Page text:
Atop a list of all vehicles checked recently by the DVSA for fraudulent emission devices, UK-registered lorries reign supreme.
In the four-month period between August and November last year, DVSA also discovered that 1 in 12 of all vehicles, UK-based or otherwise, were fitted with emission cheat devices.
Of the 3,735 vehicles stopped, 293 carried fraudulent gadgets. Among these gadgets, AdBlue emulators featured most prominently. These devices are used to block AdBlue injection systems, which reduce a vehicle’s nitrogen oxide (NOx) output.
Back in June 2017, the DVSA disclosed its plan to undertake roadside checks targeted at certain operators. The program was enacted to counter multiplying reports about drivers using emission cheat devices to minimise running costs.
Emission Cheat Devices – Reasons & Consequences
Due to its inherent simplicity, the illegal piece of kit can be used in any model of HGV, and will work in harmony with a wide range of systems, including Euro-6. Price could also be a major factor. With the financial situation looking increasingly chaotic for small- and medium-sized operators, the devices (which can be bought for £35) represent a comparatively minor investment.
All in all, 1,784 British trucks were checked. 151 (8.5%) of them were found to carry such devices. Surprisingly, while just 294 trucks from Northern Ireland were stopped, 60 (20%) of them were emissions offenders. In addition to this, the DVSA stopped 1,657 non-UK vehicles, 82 (5%) of which were found to be cheating.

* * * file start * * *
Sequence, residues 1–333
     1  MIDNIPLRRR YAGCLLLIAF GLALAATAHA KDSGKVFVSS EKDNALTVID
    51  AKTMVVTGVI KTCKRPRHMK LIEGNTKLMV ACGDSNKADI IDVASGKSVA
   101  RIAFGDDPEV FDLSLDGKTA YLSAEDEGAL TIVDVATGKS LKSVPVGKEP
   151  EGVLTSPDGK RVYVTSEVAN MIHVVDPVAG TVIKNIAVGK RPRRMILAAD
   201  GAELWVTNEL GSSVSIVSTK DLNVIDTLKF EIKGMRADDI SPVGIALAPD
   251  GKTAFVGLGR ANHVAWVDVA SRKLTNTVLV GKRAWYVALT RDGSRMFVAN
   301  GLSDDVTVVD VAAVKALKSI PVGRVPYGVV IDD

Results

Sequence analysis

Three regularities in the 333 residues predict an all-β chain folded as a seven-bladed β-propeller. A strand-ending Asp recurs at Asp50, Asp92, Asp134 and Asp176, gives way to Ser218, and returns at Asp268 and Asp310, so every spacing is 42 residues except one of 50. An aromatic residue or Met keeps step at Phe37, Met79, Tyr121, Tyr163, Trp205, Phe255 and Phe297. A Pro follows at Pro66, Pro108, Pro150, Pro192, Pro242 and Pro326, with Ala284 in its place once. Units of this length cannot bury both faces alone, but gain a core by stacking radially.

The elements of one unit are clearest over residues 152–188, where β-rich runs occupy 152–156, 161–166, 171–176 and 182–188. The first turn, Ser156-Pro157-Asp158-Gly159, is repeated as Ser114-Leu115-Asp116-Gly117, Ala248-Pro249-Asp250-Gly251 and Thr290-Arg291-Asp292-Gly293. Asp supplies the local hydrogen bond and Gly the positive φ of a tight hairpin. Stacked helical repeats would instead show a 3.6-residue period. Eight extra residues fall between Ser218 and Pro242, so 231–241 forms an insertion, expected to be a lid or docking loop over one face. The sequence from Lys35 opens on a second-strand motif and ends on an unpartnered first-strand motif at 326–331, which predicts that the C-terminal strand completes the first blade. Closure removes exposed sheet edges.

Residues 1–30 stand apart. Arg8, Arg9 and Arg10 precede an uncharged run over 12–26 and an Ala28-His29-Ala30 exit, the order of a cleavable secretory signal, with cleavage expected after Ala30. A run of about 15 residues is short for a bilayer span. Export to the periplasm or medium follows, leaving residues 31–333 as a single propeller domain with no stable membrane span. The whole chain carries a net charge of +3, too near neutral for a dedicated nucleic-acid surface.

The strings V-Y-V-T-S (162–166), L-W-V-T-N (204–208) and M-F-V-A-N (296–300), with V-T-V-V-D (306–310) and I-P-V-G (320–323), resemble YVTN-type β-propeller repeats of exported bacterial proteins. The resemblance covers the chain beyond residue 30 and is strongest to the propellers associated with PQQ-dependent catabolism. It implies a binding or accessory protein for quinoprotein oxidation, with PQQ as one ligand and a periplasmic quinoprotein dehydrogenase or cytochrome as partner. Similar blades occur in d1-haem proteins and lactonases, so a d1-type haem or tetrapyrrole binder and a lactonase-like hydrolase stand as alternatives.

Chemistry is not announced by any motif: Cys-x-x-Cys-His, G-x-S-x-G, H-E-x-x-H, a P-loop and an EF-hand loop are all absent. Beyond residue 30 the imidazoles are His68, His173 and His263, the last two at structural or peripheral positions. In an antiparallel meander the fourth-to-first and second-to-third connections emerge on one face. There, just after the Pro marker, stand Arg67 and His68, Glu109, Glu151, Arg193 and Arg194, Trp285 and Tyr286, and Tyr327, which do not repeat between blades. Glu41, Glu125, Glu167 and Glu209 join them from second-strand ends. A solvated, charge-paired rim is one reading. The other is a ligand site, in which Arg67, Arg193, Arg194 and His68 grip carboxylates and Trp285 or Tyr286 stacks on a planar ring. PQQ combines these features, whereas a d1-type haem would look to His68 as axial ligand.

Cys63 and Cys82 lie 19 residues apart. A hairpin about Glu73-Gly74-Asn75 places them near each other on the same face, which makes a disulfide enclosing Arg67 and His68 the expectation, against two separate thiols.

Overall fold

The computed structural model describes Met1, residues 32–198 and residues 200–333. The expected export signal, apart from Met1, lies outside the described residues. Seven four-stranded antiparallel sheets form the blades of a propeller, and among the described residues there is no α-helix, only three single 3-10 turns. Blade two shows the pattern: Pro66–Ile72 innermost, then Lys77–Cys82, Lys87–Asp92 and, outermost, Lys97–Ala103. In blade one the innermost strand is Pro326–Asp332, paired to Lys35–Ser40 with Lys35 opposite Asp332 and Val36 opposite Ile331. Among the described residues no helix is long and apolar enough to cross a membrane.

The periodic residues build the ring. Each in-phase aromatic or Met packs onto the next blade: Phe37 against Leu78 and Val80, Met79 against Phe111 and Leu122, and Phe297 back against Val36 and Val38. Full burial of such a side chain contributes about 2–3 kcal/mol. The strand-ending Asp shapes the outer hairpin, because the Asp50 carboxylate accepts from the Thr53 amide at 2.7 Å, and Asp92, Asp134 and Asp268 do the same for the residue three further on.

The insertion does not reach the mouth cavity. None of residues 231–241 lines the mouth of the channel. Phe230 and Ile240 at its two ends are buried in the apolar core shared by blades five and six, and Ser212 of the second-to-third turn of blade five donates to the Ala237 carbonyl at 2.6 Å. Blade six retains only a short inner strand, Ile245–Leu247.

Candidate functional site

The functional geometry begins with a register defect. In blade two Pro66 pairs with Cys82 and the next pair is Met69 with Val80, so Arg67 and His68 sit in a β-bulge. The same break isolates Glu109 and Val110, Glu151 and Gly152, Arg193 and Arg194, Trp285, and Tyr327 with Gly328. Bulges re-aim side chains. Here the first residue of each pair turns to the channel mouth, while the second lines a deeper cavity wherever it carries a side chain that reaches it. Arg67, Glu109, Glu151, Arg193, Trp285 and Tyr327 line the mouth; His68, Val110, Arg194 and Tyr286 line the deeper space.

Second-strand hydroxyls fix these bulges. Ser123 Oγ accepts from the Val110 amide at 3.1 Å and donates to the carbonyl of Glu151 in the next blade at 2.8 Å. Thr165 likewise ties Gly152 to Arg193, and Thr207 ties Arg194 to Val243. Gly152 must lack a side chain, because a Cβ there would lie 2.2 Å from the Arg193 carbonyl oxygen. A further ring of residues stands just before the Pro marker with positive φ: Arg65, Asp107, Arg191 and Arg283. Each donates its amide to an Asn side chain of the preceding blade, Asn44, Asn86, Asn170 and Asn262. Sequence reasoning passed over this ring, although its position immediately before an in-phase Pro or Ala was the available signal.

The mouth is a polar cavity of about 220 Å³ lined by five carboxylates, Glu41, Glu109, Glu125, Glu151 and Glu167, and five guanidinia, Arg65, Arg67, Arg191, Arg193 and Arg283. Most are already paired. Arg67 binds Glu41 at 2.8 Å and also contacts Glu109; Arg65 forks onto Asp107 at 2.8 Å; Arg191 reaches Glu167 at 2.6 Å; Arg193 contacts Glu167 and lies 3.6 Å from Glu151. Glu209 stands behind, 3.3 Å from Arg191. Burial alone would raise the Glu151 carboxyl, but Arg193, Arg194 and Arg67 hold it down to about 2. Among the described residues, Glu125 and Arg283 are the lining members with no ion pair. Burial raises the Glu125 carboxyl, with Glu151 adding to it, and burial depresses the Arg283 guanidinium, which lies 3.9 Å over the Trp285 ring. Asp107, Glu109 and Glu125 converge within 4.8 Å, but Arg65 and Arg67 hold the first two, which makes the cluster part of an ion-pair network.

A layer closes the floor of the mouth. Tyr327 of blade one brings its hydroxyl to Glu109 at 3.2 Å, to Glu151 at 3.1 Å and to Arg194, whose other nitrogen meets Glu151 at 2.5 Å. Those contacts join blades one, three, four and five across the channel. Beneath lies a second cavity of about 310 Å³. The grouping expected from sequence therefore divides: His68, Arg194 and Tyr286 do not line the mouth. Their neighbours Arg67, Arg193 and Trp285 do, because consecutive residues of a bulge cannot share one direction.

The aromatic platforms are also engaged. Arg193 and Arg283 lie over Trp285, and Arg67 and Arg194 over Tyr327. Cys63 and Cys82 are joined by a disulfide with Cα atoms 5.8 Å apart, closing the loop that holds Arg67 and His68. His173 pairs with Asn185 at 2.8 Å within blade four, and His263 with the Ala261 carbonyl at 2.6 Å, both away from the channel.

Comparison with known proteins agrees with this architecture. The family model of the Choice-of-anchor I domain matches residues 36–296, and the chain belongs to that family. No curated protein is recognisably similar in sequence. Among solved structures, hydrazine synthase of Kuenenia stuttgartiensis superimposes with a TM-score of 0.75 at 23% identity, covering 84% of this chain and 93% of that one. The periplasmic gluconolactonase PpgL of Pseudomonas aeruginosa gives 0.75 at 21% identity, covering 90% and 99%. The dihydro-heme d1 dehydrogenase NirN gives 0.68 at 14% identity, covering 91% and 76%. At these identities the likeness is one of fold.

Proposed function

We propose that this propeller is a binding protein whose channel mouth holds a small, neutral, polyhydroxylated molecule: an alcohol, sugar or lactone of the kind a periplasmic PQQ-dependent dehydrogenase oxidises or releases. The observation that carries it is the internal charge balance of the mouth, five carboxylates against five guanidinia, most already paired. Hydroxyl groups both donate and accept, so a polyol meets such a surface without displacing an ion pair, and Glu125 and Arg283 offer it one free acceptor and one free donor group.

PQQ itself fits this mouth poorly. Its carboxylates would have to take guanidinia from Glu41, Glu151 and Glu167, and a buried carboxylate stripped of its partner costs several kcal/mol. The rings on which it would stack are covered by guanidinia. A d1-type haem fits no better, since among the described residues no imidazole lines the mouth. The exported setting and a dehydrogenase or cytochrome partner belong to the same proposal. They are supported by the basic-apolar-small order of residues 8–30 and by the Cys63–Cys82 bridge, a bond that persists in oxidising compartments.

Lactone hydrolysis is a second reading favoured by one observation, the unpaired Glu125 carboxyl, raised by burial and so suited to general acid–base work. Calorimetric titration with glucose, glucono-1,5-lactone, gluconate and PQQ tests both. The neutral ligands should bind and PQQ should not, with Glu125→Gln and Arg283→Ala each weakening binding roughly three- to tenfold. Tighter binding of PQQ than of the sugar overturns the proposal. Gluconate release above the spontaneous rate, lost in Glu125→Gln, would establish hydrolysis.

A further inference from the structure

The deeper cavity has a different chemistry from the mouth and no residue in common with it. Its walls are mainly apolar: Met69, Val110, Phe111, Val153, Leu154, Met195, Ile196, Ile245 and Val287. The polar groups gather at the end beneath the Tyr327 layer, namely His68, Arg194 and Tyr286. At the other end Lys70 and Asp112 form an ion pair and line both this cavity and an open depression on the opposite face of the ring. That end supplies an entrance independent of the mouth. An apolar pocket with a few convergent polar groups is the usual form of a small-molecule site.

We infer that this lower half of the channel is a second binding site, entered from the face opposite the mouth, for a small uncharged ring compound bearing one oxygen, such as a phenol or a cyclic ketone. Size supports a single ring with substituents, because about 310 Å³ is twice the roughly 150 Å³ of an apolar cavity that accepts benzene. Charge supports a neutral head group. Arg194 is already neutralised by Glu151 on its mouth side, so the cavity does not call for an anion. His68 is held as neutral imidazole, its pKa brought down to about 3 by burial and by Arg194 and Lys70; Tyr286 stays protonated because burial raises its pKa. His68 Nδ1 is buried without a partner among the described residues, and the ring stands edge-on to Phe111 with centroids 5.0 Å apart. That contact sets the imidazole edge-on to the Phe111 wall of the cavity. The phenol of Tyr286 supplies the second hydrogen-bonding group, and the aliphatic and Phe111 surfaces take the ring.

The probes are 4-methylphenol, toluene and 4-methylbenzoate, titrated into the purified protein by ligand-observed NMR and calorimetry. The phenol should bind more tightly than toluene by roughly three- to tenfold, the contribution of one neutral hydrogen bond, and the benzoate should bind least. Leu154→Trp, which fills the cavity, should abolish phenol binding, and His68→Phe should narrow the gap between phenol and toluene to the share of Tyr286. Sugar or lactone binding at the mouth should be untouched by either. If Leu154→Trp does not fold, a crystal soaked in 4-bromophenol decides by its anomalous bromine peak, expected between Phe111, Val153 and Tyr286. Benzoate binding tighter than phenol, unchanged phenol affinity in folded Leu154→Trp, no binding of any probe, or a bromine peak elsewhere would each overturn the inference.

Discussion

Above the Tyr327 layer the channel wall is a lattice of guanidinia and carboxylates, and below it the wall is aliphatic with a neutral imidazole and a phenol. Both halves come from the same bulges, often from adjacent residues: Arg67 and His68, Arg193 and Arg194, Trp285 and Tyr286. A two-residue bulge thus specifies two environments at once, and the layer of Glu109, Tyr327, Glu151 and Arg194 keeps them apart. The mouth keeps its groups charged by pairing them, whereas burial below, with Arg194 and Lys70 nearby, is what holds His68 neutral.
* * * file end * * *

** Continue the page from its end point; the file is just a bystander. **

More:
As for the penalty, any haulier discovered to have used a cheat mechanism must remove it in 10 days, or face a £300 penalty.
DVSA Chief Executive Gareth Llewellyn said: “DVSA’s priority is to protect you from unsafe drivers and vehicles. We are committed to taking dangerous lorries off Britain’s roads. Stopping emissions fraud is a vital part of that.
“Anyone who flouts the law is putting the quality of our air and the health of vulnerable people, at risk. We won’t hesitate to take action against these drivers, operators and vehicles.”
While Senior traffic commissioner Richard Turfitt said: “The traffic commissioners welcome the steps being taken by the enforcement agency to identify emissions cheats. Use of these devices threatens to undercut responsible and compliant operators as well as damaging the environment and public health.”
He added: “We will look to take action wherever an operator seeks an unfair and illegal advantage over the rest of industry.”